Yarn bombing, guerilla knitting, and graffiti knitting are described as “warm and fuzzy” graffiti art. The concept behind yarn bombing is to soften and beautify the harsh and sometimes ugly urban landscape. Sometimes simple, sometimes elaborate and complex, tagging objects with hand knitted or crocheted panels is growing in popularity. The results are expressive, colorful, and fun, but not permanent.
In recent years, the practice has expanded world wide. Bridges, buses, bicycle racks, water towers – projects range from petite to powerful all over the world. From giant flower doilies on chain link fences to a complete covering of the Wall Street Bull, yarn artists have jumped at the chance to get creative with their scrap yarn.
Surprisingly, International Yarn Bombing Day, came and went on June 11 with no fanfare in the Twin Cities. Known for an inerrant love of picturesque landscapes and appreciation of all things pleasant, one would expect Minnesotans to find new ways to celebrate the art of yarn bombing in the Cities. It could be that Minnesotans are so content there is no need for yarn graffiti or perhaps they just too darn nice. Yarn graffiti pieces, while strategically placed artworks, are few and far between in the Twin Cities.
Legend tells that yarn bombing was born in Texas in 2005 when a yarn shop owner knitted a cozy for the door handle of her shop. Here in Minneapolis, it is only logical that the Textile Center, 3000 University Ave, Minneapolis, follows suit.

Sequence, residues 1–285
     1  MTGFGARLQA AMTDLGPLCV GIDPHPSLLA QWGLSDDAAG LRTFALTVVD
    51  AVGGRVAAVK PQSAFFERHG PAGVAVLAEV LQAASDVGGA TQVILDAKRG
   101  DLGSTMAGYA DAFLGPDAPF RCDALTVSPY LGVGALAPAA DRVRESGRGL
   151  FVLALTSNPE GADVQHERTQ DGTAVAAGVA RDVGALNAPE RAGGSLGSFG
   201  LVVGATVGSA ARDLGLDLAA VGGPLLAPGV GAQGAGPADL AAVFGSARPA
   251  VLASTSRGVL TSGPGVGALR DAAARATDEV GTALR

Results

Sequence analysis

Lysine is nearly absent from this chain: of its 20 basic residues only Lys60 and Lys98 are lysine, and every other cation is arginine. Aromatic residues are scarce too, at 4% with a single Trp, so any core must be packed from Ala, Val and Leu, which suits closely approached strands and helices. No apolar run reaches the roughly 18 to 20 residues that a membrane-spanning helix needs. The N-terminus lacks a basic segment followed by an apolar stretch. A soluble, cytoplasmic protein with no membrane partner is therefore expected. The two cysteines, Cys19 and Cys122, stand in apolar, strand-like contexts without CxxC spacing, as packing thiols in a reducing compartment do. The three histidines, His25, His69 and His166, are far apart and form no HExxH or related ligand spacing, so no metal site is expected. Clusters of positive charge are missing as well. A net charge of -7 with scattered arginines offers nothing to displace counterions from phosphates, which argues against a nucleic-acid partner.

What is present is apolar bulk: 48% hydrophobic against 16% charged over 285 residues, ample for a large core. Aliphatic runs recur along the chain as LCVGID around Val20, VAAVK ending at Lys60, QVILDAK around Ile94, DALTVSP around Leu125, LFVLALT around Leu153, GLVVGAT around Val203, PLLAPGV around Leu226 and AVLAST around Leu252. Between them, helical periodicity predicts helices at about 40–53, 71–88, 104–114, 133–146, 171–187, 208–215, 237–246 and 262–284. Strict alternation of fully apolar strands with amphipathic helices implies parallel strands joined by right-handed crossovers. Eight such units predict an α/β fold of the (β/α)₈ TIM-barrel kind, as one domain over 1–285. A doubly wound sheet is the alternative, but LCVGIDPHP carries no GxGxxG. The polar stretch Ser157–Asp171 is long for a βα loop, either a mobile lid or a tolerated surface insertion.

In front of the Textile Center.
Around the corner at Prospect Park, on the Witch’s Hat Water Tower, small yarn graffiti complements the view and the setting.
Back at the U, and the DIY Unraveled Festival on June 10th, the parking garage across the street and the lamppost outside the Festival were yarn bombed but quickly removed.
Heading to St. Paul, the bridge on Cleveland Ave. over I-94 seems an ideal location, true to the concept – harsh chain link, cement, and industry softened by bright glitter, fur, and a tiny fish.
Borealis Yarn, 1340 Thomas Ave, a stone’s throw from the Central Corridor, with very nice people who have done their bit on the store front and were nice enough to direct the yarn bombing search to Prospect Park.
And back in Minneapolis, the writer’s attempt to dress up the boulevard. Note the perfect backdrop for urban beautification!
While current installations are a treasure, hopefully hooks and needles are plotting for more yarn bombing in the Twin Cities.